Thursday, August 14, 2008

Cyber Attacks on Georgian Websites Are Reigniting a Washington Debate

Siobhan Gorman writes on The Wall Street Journal:

The cyberattacks in Georgia are re-energizing a debate over whether the laws of war apply in cyberspace. Among the biggest questions: When is a cyberattack an act of war?

As Russia continued military actions inside Georgia, in apparent violation of a Tuesday cease-fire agreement, some Georgian government Web sites, including the president's office, remained under attack.

Cyberweapons are becoming a staple of war. The Georgian conflict is perhaps the first time they have been used alongside conventional military action. Governments and private cyberwarriors can exploit Internet security gaps to not only take down government Web sites but also take control of power grids and nuclear reactors.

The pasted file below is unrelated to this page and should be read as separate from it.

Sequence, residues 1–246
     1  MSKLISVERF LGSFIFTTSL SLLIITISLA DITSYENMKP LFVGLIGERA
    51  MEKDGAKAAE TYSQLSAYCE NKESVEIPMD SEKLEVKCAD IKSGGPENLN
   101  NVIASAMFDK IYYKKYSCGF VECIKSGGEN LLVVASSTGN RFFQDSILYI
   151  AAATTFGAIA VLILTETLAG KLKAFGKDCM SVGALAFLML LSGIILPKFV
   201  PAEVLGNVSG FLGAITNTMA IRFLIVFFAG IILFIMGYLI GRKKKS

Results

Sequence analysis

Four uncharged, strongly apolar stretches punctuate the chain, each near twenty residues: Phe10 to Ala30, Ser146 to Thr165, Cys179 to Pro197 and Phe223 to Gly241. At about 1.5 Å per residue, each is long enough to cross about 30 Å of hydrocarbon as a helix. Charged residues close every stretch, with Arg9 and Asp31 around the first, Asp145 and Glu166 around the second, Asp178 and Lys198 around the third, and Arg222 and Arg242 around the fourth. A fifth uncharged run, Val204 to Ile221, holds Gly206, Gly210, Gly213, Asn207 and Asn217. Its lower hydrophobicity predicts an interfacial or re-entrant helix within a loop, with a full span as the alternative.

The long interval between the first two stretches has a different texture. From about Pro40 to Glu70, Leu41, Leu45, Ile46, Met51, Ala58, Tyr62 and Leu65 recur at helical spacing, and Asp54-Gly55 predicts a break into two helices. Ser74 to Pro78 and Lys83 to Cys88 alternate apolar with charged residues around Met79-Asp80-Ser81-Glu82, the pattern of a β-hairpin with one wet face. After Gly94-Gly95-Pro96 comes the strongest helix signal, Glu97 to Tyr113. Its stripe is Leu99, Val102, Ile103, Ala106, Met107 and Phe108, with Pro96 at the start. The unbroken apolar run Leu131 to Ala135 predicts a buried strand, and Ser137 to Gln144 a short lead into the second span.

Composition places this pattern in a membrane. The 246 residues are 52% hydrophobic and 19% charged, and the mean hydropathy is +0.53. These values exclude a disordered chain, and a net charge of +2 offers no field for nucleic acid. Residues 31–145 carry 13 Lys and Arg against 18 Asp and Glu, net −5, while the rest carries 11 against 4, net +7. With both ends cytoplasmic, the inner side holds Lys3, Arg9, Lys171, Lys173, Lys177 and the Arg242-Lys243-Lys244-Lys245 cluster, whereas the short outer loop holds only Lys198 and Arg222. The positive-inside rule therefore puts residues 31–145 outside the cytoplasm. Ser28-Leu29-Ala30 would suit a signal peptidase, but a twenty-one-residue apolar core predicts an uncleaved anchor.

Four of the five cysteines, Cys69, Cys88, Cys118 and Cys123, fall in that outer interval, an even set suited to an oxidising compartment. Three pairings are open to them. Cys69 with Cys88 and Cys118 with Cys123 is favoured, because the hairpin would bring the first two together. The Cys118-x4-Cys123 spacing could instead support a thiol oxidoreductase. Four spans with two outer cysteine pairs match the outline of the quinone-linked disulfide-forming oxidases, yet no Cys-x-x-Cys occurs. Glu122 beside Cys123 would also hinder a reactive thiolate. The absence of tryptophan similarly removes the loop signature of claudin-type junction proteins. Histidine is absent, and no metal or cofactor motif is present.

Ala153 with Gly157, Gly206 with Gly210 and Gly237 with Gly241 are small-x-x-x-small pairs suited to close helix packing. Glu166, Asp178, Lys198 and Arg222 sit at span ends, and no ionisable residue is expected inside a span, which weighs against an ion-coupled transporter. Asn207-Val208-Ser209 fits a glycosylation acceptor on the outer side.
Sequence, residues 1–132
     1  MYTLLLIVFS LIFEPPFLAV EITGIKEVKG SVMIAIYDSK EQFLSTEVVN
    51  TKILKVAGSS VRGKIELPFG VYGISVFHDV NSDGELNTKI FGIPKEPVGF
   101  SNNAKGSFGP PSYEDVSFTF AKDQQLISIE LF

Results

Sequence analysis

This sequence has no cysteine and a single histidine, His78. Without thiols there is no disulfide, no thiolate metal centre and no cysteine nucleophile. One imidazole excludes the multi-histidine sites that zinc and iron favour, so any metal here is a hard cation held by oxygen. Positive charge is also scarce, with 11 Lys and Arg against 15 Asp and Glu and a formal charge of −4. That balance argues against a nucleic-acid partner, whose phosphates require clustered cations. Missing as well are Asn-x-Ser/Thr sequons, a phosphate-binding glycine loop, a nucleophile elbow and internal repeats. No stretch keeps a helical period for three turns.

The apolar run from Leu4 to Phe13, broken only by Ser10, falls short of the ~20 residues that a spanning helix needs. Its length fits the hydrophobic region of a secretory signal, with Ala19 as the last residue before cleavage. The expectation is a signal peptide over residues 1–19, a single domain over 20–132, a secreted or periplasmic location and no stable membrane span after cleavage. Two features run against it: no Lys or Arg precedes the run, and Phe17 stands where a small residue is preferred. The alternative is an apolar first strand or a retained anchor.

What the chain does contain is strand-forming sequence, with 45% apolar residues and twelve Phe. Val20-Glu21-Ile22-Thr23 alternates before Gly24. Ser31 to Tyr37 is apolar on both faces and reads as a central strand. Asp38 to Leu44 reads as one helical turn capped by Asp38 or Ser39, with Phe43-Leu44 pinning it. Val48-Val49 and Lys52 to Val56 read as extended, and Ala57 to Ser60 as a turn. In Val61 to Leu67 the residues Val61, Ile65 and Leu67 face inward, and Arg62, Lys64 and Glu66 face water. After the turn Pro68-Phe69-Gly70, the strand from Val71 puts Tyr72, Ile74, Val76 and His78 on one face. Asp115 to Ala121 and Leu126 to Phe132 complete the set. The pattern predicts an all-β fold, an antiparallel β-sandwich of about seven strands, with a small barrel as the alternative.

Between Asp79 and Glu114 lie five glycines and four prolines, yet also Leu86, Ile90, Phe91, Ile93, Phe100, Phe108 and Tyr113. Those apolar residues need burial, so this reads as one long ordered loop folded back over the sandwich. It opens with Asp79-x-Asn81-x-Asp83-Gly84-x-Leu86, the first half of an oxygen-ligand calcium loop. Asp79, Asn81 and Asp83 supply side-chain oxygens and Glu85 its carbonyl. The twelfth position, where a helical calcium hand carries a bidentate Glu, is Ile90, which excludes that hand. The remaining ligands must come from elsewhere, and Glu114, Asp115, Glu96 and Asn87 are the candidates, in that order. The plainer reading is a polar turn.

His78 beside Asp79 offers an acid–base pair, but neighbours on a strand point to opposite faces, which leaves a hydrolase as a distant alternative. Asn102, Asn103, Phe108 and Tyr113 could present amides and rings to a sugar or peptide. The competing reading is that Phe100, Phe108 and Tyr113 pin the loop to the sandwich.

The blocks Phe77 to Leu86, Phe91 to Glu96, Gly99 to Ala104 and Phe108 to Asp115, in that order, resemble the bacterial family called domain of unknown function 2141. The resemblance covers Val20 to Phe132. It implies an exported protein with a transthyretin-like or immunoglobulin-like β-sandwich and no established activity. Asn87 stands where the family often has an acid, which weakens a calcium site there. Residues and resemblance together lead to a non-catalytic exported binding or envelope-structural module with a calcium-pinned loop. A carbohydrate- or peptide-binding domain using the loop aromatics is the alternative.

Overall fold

U.S. officials have begun to consider the legal and policy problems that cyberwarfare presents, but cybersecurity experts said the government has been slow to resolve them in the face of an increasing likelihood that cyberattacks will be used to augment, or even supplant, typical military action.

More here.


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